Respondent issued a notice of deficiency to petitioner for 1992 on February 22, 1995. The petition was filed nearly 1 year later on February 20, 1996. Although it is evident that the petition was not filed within the 90-day period prescribed in section 6213(a), respondent concedes that the notice is invalid because it was not issued to petitioner's last known address. We accept respondent's concession, and we shall grant respondent's motion to dismiss for lack of jurisdiction as to 1992 on this ground. 3

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3 Because we shall grant respondent's motion to dismiss for lack of jurisdiction on the ground that the notice for 1992 was not issued to petitioner's last known address, we do not consider petitioner's contention that the notice for 1992 is invalid on the ground that it lacks a basis in material fact.

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Respondent further contends that we lack jurisdiction in this proceeding to consider the validity of the joint notice of deficiency issued to petitioner and Charles N. Scott for the 1993 taxable year. In particular, respondent asserts that the Court lacks jurisdiction over the 1993 taxable year because that year was not placed in dispute in the petition. Petitioner contends that the notice of deficiency for 1993 is invalid on the ground that the notice of deficiency has "no basis in material fact".

Before expressing any opinion with respect to petitioner's argument concerning the validity of the notice of deficiency for 1993, we must consider respondent's argument that the 1993 taxable year was not placed in dispute in this proceeding. The note to Rule 41(a) states that the Court's jurisdiction over parties and years in issue "is fixed by the petition as originally filed or as amended within the statutory period for filing the petition". 60 T.C. 1089. We agree with respondent that the petition filed in this case contains no mention of the 1993 taxable year≈the only year placed in dispute in the petition is the 1992 taxable year. Moreover, even if we were to view petitioner's objection to respondent's motion to dismiss as an attempt to amend the petition to place the 1993 year in dispute, the objection was not filed within the statutory period for filing the petition. In fact, the petition itself was not timely filed with respect to either the notice of deficiency for 1992 or the notice of deficiency for 1993. There appears to be no dispute that the joint notice of deficiency issued for the 1993 taxable year was sent to petitioner's last known address (the same address reflected by petitioner in the petition).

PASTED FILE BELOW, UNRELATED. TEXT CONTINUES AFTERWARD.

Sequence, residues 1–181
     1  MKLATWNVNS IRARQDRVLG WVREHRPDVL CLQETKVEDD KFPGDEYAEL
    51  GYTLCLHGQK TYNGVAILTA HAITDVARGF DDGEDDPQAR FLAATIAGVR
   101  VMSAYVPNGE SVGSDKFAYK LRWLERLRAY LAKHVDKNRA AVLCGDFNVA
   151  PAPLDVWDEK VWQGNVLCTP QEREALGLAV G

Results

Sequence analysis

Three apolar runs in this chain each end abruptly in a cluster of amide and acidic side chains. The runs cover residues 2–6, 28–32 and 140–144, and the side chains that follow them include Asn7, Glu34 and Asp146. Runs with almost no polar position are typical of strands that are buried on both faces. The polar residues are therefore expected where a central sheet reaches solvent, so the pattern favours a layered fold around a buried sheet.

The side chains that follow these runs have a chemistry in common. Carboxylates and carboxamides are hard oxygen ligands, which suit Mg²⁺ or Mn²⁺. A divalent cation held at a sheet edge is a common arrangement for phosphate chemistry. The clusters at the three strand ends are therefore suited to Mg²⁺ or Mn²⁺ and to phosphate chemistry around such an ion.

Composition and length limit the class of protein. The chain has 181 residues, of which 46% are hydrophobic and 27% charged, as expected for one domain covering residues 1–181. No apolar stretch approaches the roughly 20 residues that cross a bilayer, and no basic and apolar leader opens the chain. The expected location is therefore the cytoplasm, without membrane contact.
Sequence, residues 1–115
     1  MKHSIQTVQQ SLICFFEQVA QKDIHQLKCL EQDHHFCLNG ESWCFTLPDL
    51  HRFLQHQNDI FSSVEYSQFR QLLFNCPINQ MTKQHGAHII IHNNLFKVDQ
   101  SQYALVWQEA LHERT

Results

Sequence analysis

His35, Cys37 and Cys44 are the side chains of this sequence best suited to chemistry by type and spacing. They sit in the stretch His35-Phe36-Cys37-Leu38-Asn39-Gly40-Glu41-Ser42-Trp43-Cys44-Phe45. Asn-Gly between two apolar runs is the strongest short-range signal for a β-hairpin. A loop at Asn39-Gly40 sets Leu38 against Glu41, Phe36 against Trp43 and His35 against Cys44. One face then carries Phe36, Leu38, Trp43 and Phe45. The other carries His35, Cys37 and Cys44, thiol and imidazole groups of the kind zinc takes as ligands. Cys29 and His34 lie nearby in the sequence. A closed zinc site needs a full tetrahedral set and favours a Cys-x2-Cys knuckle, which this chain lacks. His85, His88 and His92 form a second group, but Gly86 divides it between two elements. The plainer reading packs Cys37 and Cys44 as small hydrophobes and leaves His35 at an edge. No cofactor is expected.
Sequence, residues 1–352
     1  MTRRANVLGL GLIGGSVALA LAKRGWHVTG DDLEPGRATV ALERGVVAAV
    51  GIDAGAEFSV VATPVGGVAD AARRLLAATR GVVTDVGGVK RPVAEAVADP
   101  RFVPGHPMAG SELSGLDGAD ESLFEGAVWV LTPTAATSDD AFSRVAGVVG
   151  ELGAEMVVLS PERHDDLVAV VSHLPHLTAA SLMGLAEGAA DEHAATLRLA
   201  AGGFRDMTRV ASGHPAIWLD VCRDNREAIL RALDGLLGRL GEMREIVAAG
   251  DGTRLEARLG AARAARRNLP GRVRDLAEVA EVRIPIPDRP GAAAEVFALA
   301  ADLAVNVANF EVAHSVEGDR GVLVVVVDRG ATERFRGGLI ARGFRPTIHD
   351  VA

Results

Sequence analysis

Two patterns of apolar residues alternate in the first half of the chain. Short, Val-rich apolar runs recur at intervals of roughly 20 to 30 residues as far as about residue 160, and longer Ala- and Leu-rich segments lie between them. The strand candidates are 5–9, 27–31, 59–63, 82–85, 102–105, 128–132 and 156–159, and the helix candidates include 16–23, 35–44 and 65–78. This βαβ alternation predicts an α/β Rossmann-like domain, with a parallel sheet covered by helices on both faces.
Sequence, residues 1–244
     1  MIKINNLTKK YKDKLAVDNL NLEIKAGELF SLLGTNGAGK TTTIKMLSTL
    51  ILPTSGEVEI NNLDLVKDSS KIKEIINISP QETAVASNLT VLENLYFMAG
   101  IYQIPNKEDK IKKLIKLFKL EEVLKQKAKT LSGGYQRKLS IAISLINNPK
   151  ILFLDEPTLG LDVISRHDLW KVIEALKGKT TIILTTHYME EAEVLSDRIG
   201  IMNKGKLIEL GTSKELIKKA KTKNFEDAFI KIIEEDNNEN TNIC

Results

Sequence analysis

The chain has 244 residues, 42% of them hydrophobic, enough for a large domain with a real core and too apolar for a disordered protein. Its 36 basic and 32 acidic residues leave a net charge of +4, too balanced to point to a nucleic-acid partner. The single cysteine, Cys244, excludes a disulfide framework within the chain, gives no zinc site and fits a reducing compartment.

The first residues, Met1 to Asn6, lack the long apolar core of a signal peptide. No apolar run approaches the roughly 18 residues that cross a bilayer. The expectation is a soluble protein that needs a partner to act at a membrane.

In any event, petitioner's contention that the notice of deficiency for 1993 is invalid plainly lacks merit. We understand petitioner to contend that the notice is invalid on the ground that respondent did not determine a deficiency within the meaning of section 6212(a). See Scar v. Commissioner [87-1 USTC ╤ 9277], 814 F.2d 1363 (9th Cir. 1987), revg. [Dec. 40,601] 81 T.C. 855 (1983).

Normally, the Court will not look behind the notice of deficiency to examine the basis for the Commissioner's motives or administrative policies or procedures in making the determinations reflected in the notice. See Riland v. Commissioner [Dec. 39,230], 79 T.C. 185, 201 (1982); Greenberg's Express, Inc. v. Commissioner [Dec. 32,640], 62 T.C. 324, 327 (1974). However, in Scar v. Commissioner, supra at 1368, the Court of Appeals held that the Commissioner must consider information that relates to a particular taxpayer in order to determine a deficiency in respect to that taxpayer. Subsequently, in Clapp v. Commissioner [89-1 USTC ╤ 9357], 875 F.2d 1369, 1402 (9th Cir. 1989), the Court of Appeals commented on its decision in Scar as follows:

Furthermore, as the Tax Court has since pointed out, Scar did not even require any affirmative showing by the Commissioner that a determination set forth in an alleged notice of deficiency was made on the basis of the taxpayers' return. Only where the notice of deficiency reveals on its face that the Commissioner failed to make a determination is the Commissioner required to prove that he did in fact make a determination. Campbell v. Commissioner [Dec. 44,534], 90 T.C. 110 (1988). * * *

Based upon our review of the notice of deficiency for 1993, we are satisfied that respondent determined a deficiency in petitioner's tax liability within the meaning of section 6212. In particular, the notice is addressed to petitioner and Charles Scott, lists Charles Scott's Social Security number, and contains an explanation that respondent disallowed specific amounts of unsubstantiated deductions reported on the Scotts' 1993 tax return. Considering all of the circumstances, we would conclude that the notice of deficiency for 1993 is valid. See Stinnett v. Commissioner [Dec. 49,285(M)], T.C. Memo. 1993-429.

As a final matter, we turn to petitioner's motion to restrain assessment and collection. Section 6213(a) provides that the Tax Court may enjoin the Commissioner's collection efforts if the Commissioner is attempting to collect amounts that have been placed in dispute in a timely filed petition for redetermination. Powerstein v. Commissioner [Dec. 48,554], 99 T.C. 466, 471-472 (1992); Powell v. Commissioner [Dec. 47,345], 96 T.C. 707, 711 (1991). The record reflects that the amount that respondent is attempting to collect relates to petitioner's tax liability for 1993. Having resolved that we lack jurisdiction over the taxable year 1993 in this proceeding, it follows that we have no authority to enjoin respondent's collection efforts. Accordingly, we shall deny petitioner's motion to restrain assessment and collection. 4

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4 Although petitioner cannot pursue her case respecting her tax liability for 1993 in this Court, she is not without a remedy. In short, petitioner may pay the tax, file a claim for a refund with the Internal Revenue Service, and if the claim is denied, sue for a refund in the Federal District Court or the U.S. Court of Federal Claims. See McCormick v. Commissioner [Dec. 30,391], 55 T.C. 138, 142 (1970).

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To reflect the foregoing,

An order will be entered granting respondent's motion to dismiss for lack of jurisdiction and denying petitioner's motion to restrain assessment and collection.